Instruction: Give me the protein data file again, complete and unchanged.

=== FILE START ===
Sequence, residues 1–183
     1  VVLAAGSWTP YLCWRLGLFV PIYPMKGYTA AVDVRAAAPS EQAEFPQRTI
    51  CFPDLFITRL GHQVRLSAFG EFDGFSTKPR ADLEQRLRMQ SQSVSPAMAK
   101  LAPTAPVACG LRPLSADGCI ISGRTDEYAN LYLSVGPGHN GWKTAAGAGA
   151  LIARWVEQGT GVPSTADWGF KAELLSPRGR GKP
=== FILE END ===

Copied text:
Sequence, residues 1–183
     1  VVLAAGSWTP YLCWRLGLFV PIYPMKGYTA AVDVRAAAPS EQAEFPQRTI
    51  CFPDLFITRL GHQVRLSAFG EFDGFSTKPR ADLEQRLRMQ SQSVSPAMAK
   101  LAPTAPVACG LRPLSADGCI ISGRTDEYAN LYLSVGPGHN GWKTAAGAGA
   151  LIARWVEQGT GVPSTADWGF KAELLSPRGR GKP